The number of eggs in each of the three slides was averaged, and the original volume of seawater was factored in to estimate a total egg count for each clam. Technicians recorded the length of the clam, as well as the region, tidal height and date it was collected.

This data showed clam fecundity (number of eggs) and egg size for a given size clam over time, specific to each region and tidal height.


Initial results show that:

  • Clams from the southern region started to spawn by May 27, when seawater temperatures were over 52°F, while eastern clams started to spawn by June 2, when seawater temperatures were over 48°F.
  • Southern Maine clams spawned in a burst over four consecutive weeks, from 27 May to 17 June.
  • During those four weeks, 55 females spawned and the eggs from each counted.
  • Eastern Maine clams spawned over a more protracted time period, during ten consecutive weeks from 2 June to 3 August.
  • During those ten weeks, we were able to induce 143 females to spawn.
  • In both regions the peak of spawning occurred when seawater temperatures were 55°F.
  • At peak spawning in Southern Maine, two-inch clams released an average of 2.1 million viable eggs, compared to three-inch clams which released 3.6 million eggs.
  • At peak spawning in Eastern Maine, two-inch clams released an average of 1 million viable eggs, while the three-inch clams produced 2.6 million eggs.

The results from this 2020 study help us answer our six questions about clam fecundity:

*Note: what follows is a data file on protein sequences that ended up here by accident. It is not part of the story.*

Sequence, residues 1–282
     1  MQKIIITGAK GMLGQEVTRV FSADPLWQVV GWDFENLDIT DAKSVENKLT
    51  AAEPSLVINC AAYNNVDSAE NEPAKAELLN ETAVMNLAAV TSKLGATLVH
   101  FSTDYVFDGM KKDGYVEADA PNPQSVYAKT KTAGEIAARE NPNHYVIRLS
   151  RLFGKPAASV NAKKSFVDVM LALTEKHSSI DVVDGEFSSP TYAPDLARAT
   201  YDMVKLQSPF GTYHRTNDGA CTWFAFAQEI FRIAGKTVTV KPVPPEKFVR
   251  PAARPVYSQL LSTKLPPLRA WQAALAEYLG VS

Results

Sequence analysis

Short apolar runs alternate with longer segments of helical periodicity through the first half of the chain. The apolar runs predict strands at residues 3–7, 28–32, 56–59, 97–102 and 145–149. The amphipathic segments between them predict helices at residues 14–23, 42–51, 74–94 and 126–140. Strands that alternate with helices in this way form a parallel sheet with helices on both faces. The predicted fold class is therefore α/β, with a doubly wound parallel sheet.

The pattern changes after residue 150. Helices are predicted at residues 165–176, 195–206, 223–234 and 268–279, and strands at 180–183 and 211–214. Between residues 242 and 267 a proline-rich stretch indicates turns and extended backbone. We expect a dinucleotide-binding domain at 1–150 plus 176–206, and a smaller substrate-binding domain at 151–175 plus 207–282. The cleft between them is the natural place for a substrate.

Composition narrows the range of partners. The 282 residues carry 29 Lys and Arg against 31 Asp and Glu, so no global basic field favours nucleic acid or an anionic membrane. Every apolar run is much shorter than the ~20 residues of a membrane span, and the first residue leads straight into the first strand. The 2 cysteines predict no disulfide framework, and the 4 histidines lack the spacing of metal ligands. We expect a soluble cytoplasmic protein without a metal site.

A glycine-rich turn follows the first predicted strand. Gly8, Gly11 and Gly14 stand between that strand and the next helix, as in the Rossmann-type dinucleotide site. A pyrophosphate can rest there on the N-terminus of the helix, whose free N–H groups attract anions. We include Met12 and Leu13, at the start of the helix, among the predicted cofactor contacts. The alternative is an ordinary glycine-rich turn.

1) Clams spawn in the late spring and early summer. Clams from southern Maine coastal communities begin to spawn earlier, by about two weeks, then clams from downeast Maine.

2) The smallest clam that was able to be induced to spawn was about 1.5 inches in length.

3) Clams are similar to lobsters, oysters, and sea urchins in that they keep reproducing into old age.

4) The larger the female clam, the more eggs she produces.

5) Different sized female clams do not produce eggs of different sizes. All clam eggs were about 70 microns, or about 0.003 inches, regardless of the size of the female.

6) The area of the mudflat (high, mid, or low intertidal) may affect clam reproduction. This research suggests that clams in the low intertidal (i.e. where they are covered by seawater longest) spawn first in a population.


Funding to support the research was provided by Maine Sea Grant.


Beal, B., Coffin., C., Randall, S., Goodenow, C., Pepperman, K., and B. Ellis. 2020. Interactive effects of shell hash and predator exclusion on 0-year class recruits of two infaunal intertidal bivalve species in Maine, USA. Journal of Experimental Marine Biology & Ecology 530-531, 151441. https://doi.org/10.1016/j. jembe.2020.151441.
Beal, B.F., Coffin, C.R., Randall, S.F., Goodenow, Jr., C.A., Pepperman, K.E., Ellis, B.W., Jourdet, C.B., and G.C. Protopopescu. 2018. Spatial variability in recruitment of an infaunal bivalve: experimental effects of predator exclusion on the softshell clam (Mya arenaria L.) along three tidal estuaries in southern Maine, USA. Journal of Shellfish Research 37, 1–27.